It’s not just Windows 8 that’s been criticised for expecting users to swallow an unpopular and ill-suited new interface. When Canonical, the company behind Ubuntu Linux, moved its default desktop OS interface to Unity in April 2012, it also alienated many loyal followers.
The issue, like the Metro tiles that can’t be avoided in Windows 8, is uncannily similar – an interface designed for mobile devices is blown up to huge proportions, even on large-desk monitors better suited to the mouse-and-keyboard paradigm.
Ubuntu’s Unity UI grew out of Ubuntu Netbook Remix, a workaround to make the low-res displays of mini-laptops more usable. But Unity has gently evolved since it became the default shell in Ubuntu 11.04, to the Unity 6.8 found in this year’s Ubuntu 12.10 ‘Quantal Quetzal’ release.
We had to reach for a dictionary to learn that Canonical’s leader Mark Shuttleworth, who dreams up these codenames, is alluding to a bird of the Trogon family with iridescent green plumage and red underparts; and one composed of discrete stepped units at that.
Thanks to some steady honing, the once-maligned Unity layout is now starting to gain traction with users. Shame, then, that Canonical has just shot itself in the other foot with the new 12.10 version.
The flak comes from Canonical’s newfound commercial collaboration with Amazon. Whenever you use Unity’s search bar (part of the Dash overlay that emerges from the top left corner of the screen) to find documents on your PC, your query is sent to the retail giant. It then offers vague matches with items in its online shop.
For Amazon, the wins are obvious: it gets the opportunity to advertise its products to Ubuntu users, and to mine lots of valuable user data to expand its customer profiling. For Canonical, it’s a chance to earn some cash on the side in kickback deals, a way to monetise the distribution of free software.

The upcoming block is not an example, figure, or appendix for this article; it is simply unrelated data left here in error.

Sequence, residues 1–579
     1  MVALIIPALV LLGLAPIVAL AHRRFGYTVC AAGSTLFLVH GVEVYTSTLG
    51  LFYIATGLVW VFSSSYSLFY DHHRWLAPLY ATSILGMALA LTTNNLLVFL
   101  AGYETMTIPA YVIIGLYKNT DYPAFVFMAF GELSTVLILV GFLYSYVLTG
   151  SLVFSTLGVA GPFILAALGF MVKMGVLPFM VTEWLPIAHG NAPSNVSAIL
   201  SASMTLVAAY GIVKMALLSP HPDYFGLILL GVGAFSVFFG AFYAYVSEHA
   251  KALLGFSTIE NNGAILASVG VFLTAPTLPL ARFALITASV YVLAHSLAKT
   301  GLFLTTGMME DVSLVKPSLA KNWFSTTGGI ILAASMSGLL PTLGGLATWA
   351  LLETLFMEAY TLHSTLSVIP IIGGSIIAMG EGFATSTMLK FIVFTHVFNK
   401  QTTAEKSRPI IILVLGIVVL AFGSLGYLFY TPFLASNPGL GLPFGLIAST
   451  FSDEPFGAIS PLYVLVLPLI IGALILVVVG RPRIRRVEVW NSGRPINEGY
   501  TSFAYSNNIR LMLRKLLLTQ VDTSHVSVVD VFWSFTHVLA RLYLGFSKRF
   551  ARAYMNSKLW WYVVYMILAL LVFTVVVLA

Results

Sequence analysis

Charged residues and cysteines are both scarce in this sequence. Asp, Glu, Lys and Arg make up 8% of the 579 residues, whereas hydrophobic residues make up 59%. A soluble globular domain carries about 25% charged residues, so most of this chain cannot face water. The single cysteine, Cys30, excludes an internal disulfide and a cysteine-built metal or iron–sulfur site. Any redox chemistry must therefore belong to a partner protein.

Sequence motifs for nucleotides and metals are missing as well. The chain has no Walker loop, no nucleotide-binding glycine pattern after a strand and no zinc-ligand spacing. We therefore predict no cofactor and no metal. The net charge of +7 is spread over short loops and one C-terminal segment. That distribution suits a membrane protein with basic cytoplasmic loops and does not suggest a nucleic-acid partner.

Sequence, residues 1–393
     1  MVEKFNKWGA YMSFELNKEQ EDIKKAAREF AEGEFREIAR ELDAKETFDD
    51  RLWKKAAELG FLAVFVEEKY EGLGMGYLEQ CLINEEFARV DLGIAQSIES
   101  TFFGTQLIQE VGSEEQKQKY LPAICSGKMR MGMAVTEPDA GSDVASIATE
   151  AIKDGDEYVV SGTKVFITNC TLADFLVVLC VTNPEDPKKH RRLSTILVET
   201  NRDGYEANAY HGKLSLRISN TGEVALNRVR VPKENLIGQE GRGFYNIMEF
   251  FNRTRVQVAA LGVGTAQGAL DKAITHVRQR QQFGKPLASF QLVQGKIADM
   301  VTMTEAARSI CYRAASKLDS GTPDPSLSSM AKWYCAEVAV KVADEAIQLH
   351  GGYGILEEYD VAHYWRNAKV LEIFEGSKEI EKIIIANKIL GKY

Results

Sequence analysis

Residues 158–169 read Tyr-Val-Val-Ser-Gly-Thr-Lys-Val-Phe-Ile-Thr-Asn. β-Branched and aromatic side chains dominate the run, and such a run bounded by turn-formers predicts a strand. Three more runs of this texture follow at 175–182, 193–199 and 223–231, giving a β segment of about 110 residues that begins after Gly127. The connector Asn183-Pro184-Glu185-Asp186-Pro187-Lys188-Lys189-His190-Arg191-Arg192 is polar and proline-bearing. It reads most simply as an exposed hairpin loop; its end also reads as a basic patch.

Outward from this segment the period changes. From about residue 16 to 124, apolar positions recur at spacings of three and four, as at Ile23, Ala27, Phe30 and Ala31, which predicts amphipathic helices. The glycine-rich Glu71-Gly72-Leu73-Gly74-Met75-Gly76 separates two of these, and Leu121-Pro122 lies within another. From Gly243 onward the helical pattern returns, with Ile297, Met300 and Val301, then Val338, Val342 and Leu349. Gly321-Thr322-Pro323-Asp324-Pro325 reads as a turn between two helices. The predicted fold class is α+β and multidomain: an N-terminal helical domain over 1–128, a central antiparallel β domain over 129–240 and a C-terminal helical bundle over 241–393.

For the user, productivity is slowed by wasted online data traffic, privacy is violated by Unity transmitting the subject of local searches, and attention is distracted by a panel of thumbnails comprising retailed rubbish.
If you’re still reading following this news, either you don’t value your online dignity, or you’ve read the book before and know about the sort-of happy ending.
While Ubuntu 12.10 was still in pre-release beta, the backlash from testers and users forced Canonical to partly reverse its decision to make a quick buck, offering a discreetly hidden ‘off’ switch that will keep your computing life free of nosey shopkeepers. You need to look in System Settings, and slide the button marked ‘Include online search results’ under ‘When searching in the Dash’.
Leave the box checked, and your Dash queries will be sent not just to Amazon, but to Facebook, Twitter and the BBC, too.
For technical users there have been several changes under the bonnet. A new Linux 3.5 kernel results in low-level changes in file systems and the handling of metadata, but little that’s evident to most casual users. You can also try the new UEFI Secure Boot for improved security.
More noticeable are smoother interface graphics, perhaps aided by the move to Mesa 9.0, a software library for OpenGL 3D graphics.
We noticed a snappier UI with faster rendering of actions such as window minimising, and more convincing transparency overlays when the Dash was superimposed over the desktop. Even without hardware graphics acceleration, the Unity 2D interface now feels zippier.
Little treats include the facility to right-click on Dash results to get a large preview. And certain rich web pages can be set as ‘webapps’.
In Ubuntu 12.10 webapps can now be added to the dock Launcher for ready access and shortcuts – in the case of Google Calendar, to create a new event
When we logged into our work Google calendar, a small window prompted us to install Google Calendar for extra features and quicker access. A shortcut then appeared in the Launcher side dock, from which we could more quickly set calendar events, for example.
Other changes include the renaming of Update Manager to Software Updater, now available only from the Details section of System Settings. Social networkers can also log in through Online Accounts in the System Settings.
If you’d rather not broadcast your every search term to a host of third parties, you can opt out of Ubuntu’s misguided new commercial initiative. You’re then left with a free operating system that is fast, stable and a more viable alternative to Windows than ever before.